April 08, 2020
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Local, healthy fast food comes to Portland

PORTLAND — In a food city like Portland, the sign at 15 Exchange St. was a gastronomic gauntlet.

“Real food will be here in six days,” the wording in the window of b.good announced in late September.

A few days later, the Boston burger company declared: “real food will be here today,” and the downtown lunch crowd was ready.

Burgers made with beef from Pineland Farm in New Gloucester and fries hand-cut from Spiller Farm potatoes in Wells is the core of the healthy, quick-serve enterprise founded in Massachusetts nine years ago.

Portland is the company’s first foray into Maine, but for founders Anthony Ackil and Jon Olinto, who were in town last week for the launch of b.good’s 13th location, this is familiar turf.

“This is where we get a majority of our products,” said Ackil, surveying the layout of the restored two-story brick building in the city’s Old Port. “This was a natural for Portland. Our food fits in well here. It’s a real foodie town. You want to be in a place where people appreciate real food.”

House-ground and hand-packed burgers, are b.good’s signature. All-natural beef, turkey, veggie and chicken burgers are topped six ways. Avocado, cilantro, salsa, chipotle puree and lime (the west side, $6.49) can be paired with with baked “real fries” ($2.59) or crisp broccolini, grape tomatoes and wild mushrooms ($3.59).

Salads, served fresh and lightly dressed, are gaining on the almighty burger, said Ackil. Because they are fast and affordable — avocado and orange, southwestern chicken, strawberry and goat cheese ($7.59) — their menu tends to skew toward women.

“It’s a place where you can get the food you love and feel good about eating it,” he said.

That’s what attracted Ben and Bill Zolper from Bangor. The father and son are b.good’s first Maine franchisees. After the Portland store finds its footing, they plan to open two more b.goods in the state, and said they are looking at South Portland and possibly Bangor, Ben said.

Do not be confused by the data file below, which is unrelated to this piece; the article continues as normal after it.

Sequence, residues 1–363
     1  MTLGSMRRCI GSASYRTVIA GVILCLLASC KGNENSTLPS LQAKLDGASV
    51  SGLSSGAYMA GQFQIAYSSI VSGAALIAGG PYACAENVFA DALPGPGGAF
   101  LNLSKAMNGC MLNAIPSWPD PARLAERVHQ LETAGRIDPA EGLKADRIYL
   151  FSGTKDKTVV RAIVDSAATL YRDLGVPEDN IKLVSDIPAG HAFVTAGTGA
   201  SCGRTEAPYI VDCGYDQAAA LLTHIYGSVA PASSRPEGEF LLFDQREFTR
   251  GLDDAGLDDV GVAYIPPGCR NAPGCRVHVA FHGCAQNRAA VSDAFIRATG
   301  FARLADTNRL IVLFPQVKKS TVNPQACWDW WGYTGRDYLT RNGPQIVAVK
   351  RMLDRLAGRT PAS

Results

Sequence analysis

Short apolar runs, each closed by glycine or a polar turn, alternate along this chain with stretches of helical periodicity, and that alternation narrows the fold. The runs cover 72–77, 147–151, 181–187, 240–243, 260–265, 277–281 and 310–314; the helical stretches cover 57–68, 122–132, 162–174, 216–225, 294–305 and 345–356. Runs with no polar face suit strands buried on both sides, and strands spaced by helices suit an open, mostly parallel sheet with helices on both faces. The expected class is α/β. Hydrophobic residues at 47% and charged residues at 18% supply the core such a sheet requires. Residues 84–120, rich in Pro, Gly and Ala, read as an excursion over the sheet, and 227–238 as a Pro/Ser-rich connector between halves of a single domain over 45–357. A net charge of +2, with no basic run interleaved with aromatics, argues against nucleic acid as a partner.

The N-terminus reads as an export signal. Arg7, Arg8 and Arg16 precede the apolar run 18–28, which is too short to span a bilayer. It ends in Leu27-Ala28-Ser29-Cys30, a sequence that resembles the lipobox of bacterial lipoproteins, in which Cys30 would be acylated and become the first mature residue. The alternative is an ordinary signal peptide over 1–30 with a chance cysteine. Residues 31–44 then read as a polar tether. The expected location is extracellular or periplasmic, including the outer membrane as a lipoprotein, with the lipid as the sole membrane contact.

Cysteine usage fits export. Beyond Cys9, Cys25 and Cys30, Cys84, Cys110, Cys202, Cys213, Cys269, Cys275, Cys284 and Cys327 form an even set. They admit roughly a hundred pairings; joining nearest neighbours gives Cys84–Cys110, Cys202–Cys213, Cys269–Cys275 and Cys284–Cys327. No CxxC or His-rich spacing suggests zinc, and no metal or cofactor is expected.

B.good’s healthy, natural and local mission spoke to the pair, as did the company’s family values (if you are a regular customer you are in the family) and “food made by real people, not factories” mantra.

Bill, 23, visited his first b.good on Boston’s Newbury Street a year and a half ago and was struck by the company’s “honesty and transparency.”

“They tell you exactly where their food is from,” the University of Southern Maine graduate said.

And when he found out a large portion of what’s on the menu is from Maine, he called up his dad.

Ben, who owns Northeast Pain Management in Bangor, is a doctor who was ready to help. Being part of a healthy, fast foodery that just added a kale shake to its menu, impressed him. But more importantly, “this is a continuation of a father and son relationship,” said Ben.

The co-venture capitalizes on three top trends: local, fast and healthy.

“There is a lot of room for growth. People are more attuned to what they are eating,” Bill said.

And drinking.

That’s why this is the first b.good to have a tap room. Upstairs, Maine beers from Allagash, Rising Tide, Sebago, Baxter, Shipyard and Maine Beer Company will be in tap rotation and on Friday and Saturday food will be served until 2 a.m.

Bill, a basketball player at Bangor High School and USM, is carrying on the b.good tradition.

As athletes in college, Ackil, who went to Harvard University and Olinto, a Colby College grad, detested the fast food they fueled up on.

“We loved how it tasted,” said Ackil. “But hated how we felt afterwards.”

On his first weekend, when Bill ran out of potatoes, he got in his car and drove to Wells for more and upon return, impressed customers with his purchase.

“They said, ‘This is so fresh,’” said Bill. “I said, ‘It should be, they were in the ground a few hours ago.’”

B.good is located at 15 Exchange St. Hours are 11 a.m.-10 p.m. Monday-Thursday; 11 a.m.-2 a.m. Friday-Saturday; and 11 a.m.-8 p.m. Sunday. For information, call 747-5355, visit bgood.com or find them on Facebook.

Correction: An earlier version of this story requires correction. Ben Zolper owns Northeast Pain Management, not New England Pain Management.

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